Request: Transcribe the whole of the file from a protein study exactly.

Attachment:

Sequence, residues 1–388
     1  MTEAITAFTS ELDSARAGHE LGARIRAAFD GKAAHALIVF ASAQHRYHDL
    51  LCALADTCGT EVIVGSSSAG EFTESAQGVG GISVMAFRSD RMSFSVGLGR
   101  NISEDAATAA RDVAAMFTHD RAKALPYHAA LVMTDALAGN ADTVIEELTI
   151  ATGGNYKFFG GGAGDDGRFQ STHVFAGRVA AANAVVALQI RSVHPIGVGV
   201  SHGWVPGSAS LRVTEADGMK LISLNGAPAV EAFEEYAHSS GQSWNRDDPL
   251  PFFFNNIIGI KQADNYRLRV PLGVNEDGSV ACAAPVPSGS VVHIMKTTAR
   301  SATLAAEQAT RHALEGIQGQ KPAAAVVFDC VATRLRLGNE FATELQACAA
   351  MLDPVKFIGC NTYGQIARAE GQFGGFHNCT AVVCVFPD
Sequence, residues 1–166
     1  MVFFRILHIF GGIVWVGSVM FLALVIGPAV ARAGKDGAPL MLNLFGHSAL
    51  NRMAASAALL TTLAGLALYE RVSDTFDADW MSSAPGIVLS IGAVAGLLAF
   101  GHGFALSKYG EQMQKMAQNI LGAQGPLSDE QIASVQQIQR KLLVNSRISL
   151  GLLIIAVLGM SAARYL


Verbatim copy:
Sequence, residues 1–388
     1  MTEAITAFTS ELDSARAGHE LGARIRAAFD GKAAHALIVF ASAQHRYHDL
    51  LCALADTCGT EVIVGSSSAG EFTESAQGVG GISVMAFRSD RMSFSVGLGR
   101  NISEDAATAA RDVAAMFTHD RAKALPYHAA LVMTDALAGN ADTVIEELTI
   151  ATGGNYKFFG GGAGDDGRFQ STHVFAGRVA AANAVVALQI RSVHPIGVGV
   201  SHGWVPGSAS LRVTEADGMK LISLNGAPAV EAFEEYAHSS GQSWNRDDPL
   251  PFFFNNIIGI KQADNYRLRV PLGVNEDGSV ACAAPVPSGS VVHIMKTTAR
   301  SATLAAEQAT RHALEGIQGQ KPAAAVVFDC VATRLRLGNE FATELQACAA
   351  MLDPVKFIGC NTYGQIARAE GQFGGFHNCT AVVCVFPD
Sequence, residues 1–166
     1  MVFFRILHIF GGIVWVGSVM FLALVIGPAV ARAGKDGAPL MLNLFGHSAL
    51  NRMAASAALL TTLAGLALYE RVSDTFDADW MSSAPGIVLS IGAVAGLLAF
   101  GHGFALSKYG EQMQKMAQNI LGAQGPLSDE QIASVQQIQR KLLVNSRISL
   151  GLLIIAVLGM SAARYL